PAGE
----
Being unmoved by outcomes has many applications
When a rugby match is being televised between two teams you don’t know or care about, it’s just a sports event playing on a screen in the corner. When it’s a cup final involving your favourite team and their arch-rivals, suddenly you’re involved as though your life depends on it. It’s the same physical reality, so why the heart attack in one instance and not the other? Because of the meaning you’ve created around your team winning.
Next time it’s your team, take a step back – even for a few seconds – and look at what’s going on. Take it a step further: see if you can have an interest in the outcome of the game without getting emotionally attached, without losing yourself. This is a good exercise for a valuable life skill: the ability to detach from outcomes.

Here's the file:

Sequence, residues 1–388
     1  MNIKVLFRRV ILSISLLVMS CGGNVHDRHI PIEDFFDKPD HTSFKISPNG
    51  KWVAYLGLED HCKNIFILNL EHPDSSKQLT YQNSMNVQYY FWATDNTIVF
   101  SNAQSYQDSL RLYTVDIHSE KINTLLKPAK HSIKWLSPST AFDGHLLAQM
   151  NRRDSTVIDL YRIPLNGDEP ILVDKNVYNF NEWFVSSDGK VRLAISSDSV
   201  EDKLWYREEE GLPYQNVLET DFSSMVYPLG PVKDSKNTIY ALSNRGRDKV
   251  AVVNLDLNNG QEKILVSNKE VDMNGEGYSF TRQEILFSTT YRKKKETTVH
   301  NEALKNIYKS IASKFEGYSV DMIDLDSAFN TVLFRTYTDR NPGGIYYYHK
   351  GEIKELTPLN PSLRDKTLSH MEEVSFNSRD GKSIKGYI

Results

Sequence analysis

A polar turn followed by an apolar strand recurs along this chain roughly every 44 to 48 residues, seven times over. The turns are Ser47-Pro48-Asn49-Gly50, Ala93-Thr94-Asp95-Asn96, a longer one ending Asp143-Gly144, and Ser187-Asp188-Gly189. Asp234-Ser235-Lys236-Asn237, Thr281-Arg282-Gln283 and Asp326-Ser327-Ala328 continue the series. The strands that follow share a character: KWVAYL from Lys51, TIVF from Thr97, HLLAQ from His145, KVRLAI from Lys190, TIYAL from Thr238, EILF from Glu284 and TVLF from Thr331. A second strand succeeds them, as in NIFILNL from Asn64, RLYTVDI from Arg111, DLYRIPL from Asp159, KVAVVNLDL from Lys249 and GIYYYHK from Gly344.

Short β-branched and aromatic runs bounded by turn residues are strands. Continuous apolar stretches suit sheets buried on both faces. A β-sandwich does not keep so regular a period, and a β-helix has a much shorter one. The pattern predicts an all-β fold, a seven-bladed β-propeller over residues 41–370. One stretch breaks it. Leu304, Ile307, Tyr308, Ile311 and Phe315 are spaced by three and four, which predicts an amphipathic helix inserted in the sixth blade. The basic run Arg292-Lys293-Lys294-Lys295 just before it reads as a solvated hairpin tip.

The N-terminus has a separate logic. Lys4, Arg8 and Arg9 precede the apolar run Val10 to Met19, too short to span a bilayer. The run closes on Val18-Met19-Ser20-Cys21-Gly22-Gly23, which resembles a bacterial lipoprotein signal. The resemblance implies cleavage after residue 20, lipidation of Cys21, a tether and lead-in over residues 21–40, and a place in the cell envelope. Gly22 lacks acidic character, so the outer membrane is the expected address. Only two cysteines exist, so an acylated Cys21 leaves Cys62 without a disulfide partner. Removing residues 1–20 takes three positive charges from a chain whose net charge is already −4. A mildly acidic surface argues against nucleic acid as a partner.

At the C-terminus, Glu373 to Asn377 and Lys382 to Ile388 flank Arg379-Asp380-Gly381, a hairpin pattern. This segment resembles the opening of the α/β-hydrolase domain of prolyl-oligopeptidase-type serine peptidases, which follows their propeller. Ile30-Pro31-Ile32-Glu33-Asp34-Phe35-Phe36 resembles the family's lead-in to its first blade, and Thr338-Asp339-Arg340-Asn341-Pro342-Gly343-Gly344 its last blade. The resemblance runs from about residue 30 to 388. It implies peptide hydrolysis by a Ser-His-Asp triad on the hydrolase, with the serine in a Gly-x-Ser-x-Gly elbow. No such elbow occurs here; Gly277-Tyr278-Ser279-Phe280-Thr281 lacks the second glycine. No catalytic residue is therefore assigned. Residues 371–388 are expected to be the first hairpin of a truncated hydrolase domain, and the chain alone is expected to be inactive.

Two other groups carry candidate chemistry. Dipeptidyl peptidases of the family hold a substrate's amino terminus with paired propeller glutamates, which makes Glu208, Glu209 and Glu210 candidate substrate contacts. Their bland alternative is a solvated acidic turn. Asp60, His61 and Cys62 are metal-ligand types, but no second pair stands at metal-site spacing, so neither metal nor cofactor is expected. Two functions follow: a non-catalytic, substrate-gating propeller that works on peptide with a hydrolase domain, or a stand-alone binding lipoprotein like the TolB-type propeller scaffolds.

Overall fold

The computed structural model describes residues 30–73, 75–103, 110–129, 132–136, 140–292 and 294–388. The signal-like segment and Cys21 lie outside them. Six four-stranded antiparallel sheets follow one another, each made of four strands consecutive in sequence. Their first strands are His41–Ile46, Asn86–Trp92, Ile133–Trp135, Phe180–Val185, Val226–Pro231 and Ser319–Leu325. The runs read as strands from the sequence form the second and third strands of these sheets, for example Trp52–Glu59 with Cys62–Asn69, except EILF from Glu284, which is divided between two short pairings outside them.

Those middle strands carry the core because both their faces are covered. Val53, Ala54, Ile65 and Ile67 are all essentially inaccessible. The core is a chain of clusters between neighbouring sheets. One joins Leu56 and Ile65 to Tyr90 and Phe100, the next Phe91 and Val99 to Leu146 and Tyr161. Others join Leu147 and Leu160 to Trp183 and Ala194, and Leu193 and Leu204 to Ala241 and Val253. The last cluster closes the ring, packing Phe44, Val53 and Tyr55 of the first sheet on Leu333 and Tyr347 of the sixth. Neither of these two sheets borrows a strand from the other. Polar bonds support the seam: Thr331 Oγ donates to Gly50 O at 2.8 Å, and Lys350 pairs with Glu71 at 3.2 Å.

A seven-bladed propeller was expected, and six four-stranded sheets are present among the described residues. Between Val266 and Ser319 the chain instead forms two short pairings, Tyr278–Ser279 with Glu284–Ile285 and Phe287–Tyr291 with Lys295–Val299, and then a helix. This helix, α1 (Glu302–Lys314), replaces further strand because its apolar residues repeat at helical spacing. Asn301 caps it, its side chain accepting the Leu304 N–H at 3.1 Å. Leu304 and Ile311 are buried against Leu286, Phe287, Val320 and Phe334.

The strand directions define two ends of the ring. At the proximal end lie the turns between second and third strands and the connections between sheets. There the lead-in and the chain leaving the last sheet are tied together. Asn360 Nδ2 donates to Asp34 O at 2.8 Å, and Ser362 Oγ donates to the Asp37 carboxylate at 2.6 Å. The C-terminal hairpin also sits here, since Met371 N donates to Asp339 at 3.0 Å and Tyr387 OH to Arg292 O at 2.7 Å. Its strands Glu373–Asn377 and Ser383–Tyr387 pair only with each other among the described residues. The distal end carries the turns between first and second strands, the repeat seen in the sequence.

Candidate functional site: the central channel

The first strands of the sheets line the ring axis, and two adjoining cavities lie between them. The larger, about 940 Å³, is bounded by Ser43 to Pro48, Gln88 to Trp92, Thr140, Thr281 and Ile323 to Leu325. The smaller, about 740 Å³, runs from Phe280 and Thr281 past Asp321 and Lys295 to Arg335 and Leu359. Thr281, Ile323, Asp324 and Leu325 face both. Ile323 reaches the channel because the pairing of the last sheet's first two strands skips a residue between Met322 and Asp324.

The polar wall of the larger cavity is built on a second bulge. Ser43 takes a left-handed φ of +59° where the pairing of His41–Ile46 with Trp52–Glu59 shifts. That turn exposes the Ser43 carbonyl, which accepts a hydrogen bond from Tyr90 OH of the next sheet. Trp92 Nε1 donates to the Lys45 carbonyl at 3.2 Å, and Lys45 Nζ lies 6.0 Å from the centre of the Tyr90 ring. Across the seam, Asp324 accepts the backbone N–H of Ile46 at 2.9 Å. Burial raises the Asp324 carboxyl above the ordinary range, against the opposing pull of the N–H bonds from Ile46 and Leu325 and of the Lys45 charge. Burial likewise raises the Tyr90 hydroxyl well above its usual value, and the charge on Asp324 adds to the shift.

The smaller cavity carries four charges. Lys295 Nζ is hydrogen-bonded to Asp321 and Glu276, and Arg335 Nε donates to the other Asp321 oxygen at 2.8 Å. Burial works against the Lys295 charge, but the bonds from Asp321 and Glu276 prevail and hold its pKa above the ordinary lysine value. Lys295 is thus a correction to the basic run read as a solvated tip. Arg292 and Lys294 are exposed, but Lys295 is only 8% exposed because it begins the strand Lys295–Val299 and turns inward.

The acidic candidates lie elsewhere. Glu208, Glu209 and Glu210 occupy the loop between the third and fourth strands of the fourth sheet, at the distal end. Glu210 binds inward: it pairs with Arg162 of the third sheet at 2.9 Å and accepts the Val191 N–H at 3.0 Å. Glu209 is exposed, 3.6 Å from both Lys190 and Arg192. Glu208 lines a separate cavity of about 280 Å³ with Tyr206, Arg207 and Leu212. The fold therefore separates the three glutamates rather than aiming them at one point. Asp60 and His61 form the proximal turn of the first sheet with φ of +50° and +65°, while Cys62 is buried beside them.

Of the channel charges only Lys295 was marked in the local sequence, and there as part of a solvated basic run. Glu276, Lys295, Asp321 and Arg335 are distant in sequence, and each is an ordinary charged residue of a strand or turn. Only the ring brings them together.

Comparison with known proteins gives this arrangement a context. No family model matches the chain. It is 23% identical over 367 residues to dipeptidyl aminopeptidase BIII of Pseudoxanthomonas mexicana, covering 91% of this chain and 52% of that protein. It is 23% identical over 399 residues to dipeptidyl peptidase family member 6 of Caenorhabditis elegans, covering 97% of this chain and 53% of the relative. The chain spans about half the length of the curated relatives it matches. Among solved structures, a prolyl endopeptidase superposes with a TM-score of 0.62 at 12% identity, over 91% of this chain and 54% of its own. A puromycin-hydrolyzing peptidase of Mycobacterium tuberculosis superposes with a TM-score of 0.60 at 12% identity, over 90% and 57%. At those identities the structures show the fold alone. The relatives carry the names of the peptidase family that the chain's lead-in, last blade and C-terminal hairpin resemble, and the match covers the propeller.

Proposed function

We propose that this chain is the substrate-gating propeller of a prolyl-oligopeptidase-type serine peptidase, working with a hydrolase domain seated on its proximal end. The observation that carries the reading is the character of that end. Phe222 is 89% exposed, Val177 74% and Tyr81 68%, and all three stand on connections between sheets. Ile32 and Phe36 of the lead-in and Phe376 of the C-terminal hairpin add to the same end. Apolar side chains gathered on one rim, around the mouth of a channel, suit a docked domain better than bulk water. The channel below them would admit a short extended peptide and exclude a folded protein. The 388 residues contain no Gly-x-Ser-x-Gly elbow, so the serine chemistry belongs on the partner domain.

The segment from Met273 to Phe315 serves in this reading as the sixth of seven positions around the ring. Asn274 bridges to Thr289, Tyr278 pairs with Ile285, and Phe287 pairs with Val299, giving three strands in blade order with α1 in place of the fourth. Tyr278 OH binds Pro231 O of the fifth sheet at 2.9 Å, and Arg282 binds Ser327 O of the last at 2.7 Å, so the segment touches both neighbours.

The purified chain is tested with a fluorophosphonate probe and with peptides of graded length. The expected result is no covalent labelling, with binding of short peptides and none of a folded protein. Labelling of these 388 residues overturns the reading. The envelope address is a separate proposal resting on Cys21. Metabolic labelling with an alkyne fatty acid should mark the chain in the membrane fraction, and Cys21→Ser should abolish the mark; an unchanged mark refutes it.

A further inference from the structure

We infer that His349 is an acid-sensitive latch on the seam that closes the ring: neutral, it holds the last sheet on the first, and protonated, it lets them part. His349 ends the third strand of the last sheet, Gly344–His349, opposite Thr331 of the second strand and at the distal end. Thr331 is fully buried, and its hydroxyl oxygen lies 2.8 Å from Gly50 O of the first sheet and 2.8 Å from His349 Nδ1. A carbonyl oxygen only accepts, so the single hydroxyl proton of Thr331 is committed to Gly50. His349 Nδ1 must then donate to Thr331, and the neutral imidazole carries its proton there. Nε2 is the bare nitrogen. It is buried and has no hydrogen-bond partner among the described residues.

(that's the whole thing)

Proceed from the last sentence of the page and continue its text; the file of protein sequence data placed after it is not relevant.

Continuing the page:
If you can detach you can hold your centre in any situation
This may sound schizophrenic, but it’s possible to be completely committed to a goal, and completely detached at the same time. Basically, it’s having a strong preference for something to happen, and being unmoved if it doesn’t – not just for some things, but for everything.
How would having this skill benefit you? Firstly, you’d be able to take actions you wouldn’t take otherwise (because you’d be less afraid of losing). Secondly, you’d be able to hold your centre, your sense of self, no matter who walks in the room or what good or bad news you hear.